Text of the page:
Season one of AMC’s NOS4A2 (an adaptation of the excellent Joe Hill novel) was a bit rocky, but there was so much hear in the good vs. evil tale, that as a viewer, it was easy to look past its faults. We were given such a layered and fleshed out protagonist in Vic (Ashleigh Cummings) and one devious villainous vampire in Charlie Manx (Zachary Quinto), each actor giving 200% to a tale of a fractured woman being enticed by evil and finding her place within the first season, leading up to a really finale in which we assumed Vic defeated Manx and saved children the vampire had stolen and brought into his world.
When we catch up with the aftermath of season one, we’re given a good almost decade later, in which the season begins giving us as viewers the assumption that all is finally well. Obviously, it’s not whatsoever. The first couple of episodes, NOS4A2’s second season allows us as viewers to see what happens to survivors of trauma and horrible events, something that is great to see. Then issue is, that the show’s second season doesn’t make much of it. Vic is eventually resurrected and pretty annoyed by having been beaten by Vic and the second half of the season is mostly about stripping away any normalcy that our heroine had attained.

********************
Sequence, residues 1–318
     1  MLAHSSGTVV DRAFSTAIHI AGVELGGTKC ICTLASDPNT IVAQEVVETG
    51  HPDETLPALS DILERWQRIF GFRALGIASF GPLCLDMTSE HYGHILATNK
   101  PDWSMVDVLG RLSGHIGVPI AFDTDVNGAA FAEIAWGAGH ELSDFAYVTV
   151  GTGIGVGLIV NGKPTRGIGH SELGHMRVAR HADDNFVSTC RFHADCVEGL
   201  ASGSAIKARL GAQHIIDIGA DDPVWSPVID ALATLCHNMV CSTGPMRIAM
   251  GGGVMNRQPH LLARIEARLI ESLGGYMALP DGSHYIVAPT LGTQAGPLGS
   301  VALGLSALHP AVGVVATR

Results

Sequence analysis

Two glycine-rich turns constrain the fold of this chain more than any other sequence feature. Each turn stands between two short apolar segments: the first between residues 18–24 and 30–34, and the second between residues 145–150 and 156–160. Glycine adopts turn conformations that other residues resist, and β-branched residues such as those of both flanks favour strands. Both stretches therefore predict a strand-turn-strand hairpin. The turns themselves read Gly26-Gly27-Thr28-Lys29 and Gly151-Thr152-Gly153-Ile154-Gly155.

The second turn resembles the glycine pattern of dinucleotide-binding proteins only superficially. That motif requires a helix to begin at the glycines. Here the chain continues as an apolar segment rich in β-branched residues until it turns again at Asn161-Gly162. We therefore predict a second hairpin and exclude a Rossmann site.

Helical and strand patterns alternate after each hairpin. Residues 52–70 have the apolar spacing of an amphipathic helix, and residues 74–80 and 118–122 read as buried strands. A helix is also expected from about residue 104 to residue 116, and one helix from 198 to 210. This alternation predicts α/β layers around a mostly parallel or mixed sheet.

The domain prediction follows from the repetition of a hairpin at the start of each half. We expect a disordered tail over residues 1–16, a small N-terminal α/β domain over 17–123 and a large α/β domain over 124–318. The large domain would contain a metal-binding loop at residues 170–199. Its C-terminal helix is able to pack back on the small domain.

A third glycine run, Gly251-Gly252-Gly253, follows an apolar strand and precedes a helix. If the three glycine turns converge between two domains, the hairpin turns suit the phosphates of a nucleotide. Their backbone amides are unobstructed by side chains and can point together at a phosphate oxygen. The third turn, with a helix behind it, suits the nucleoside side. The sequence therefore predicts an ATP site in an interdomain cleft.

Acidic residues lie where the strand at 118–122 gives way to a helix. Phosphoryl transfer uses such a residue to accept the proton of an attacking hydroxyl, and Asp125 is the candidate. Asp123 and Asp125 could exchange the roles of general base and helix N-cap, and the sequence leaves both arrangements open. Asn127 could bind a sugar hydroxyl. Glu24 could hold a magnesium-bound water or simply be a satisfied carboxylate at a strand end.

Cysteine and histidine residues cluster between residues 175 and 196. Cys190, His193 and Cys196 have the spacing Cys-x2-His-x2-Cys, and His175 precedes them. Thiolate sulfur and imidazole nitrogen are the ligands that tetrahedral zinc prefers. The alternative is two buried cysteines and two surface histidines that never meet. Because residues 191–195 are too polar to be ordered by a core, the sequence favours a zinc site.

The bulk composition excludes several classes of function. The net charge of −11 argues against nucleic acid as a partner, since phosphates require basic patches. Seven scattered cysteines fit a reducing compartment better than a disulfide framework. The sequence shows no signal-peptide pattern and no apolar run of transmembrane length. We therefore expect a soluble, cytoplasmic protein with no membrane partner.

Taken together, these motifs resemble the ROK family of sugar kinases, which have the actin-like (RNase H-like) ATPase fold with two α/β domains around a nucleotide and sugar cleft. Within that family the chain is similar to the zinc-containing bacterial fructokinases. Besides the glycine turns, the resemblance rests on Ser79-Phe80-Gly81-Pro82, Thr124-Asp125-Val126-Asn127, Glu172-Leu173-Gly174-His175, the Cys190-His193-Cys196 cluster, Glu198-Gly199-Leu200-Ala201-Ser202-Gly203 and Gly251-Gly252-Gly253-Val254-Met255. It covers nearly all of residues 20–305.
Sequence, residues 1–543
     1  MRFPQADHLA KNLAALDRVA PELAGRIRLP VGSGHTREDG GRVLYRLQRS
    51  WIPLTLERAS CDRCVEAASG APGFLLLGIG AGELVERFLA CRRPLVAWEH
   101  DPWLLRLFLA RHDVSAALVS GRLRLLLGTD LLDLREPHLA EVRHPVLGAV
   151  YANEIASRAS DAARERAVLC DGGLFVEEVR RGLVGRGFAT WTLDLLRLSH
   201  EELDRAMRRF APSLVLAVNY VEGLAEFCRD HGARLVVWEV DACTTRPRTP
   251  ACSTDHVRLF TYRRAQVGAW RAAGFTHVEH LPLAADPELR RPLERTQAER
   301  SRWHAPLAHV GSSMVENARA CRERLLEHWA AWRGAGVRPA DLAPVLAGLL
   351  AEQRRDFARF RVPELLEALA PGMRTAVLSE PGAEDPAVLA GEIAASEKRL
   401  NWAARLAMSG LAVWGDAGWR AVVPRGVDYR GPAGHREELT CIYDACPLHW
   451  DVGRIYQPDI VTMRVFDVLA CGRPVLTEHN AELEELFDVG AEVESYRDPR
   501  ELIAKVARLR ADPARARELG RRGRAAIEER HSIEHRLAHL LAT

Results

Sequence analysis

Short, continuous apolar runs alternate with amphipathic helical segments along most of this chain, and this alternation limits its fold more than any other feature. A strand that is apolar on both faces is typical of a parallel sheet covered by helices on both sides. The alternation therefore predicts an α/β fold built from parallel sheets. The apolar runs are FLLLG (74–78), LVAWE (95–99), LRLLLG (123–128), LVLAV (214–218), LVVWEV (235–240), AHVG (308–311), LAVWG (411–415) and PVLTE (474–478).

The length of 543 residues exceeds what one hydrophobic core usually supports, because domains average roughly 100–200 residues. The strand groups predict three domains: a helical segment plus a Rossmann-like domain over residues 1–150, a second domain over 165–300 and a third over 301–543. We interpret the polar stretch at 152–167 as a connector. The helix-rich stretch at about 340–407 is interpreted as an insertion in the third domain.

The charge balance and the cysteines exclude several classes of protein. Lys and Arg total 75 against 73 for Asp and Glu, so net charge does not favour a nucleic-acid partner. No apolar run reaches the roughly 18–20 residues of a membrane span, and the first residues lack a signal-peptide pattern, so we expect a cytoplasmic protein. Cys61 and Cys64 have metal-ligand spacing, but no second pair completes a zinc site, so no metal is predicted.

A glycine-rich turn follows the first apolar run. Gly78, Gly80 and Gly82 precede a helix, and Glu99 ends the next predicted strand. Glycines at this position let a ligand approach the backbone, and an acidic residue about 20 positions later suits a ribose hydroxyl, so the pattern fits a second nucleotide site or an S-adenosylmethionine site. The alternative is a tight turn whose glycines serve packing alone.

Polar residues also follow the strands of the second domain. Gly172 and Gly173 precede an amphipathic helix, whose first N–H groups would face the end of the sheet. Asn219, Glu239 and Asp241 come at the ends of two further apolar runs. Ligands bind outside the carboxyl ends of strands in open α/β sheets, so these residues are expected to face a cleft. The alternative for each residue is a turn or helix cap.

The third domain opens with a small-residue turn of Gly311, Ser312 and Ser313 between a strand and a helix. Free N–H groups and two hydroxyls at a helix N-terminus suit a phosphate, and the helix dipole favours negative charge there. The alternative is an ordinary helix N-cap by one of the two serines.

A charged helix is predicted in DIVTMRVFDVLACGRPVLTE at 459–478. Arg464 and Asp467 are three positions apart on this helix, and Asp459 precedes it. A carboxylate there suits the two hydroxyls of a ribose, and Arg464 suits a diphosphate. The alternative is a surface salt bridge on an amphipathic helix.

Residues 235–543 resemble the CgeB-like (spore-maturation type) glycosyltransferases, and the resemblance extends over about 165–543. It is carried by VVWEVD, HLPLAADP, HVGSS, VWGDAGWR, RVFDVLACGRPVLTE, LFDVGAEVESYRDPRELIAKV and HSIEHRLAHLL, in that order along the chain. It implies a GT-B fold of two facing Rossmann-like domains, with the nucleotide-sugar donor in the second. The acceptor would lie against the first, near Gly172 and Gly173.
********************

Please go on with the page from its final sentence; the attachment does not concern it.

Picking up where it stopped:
The problem lies in how all over the place season two’s writing is. What made Hill’s novel so great is how we were able to connect with its characters, good and bad, making the story something enthralling to experience, but with the second go around of the TV series, a lot of that magic is lost, replaced with threads of story that seem to became frayed as the season goes on, and when we’re supposed to feel bad about the direction the show goes in later in the season, we’re instead just kind of asking ourselves, “Really?…is THAT it?”.
Unfortunately, with the Blu-ray release of NOS4A2’s second season, we’re not given much in the area of supplemental material. A comic-con panel and a few short EPK-like docs involving your typical talking heads saying how great it is to work on the show and so on, but a more in depth look at why the season took the directions it took would have been welcomed.
If you’re a completist and already have the first season on DVD/Blu-ray, you might pick this one up just to have it, but with such a fractured and somewhat misfire-heavy second season and the lack of much in the supplemental area, you might want to pass on this one.
There’s enough to stay on board with on this season, but the direction the show goes and how inconsistent the threads end up being, it runs the risk of losing viewers. Here’s hoping for a return to form with season three.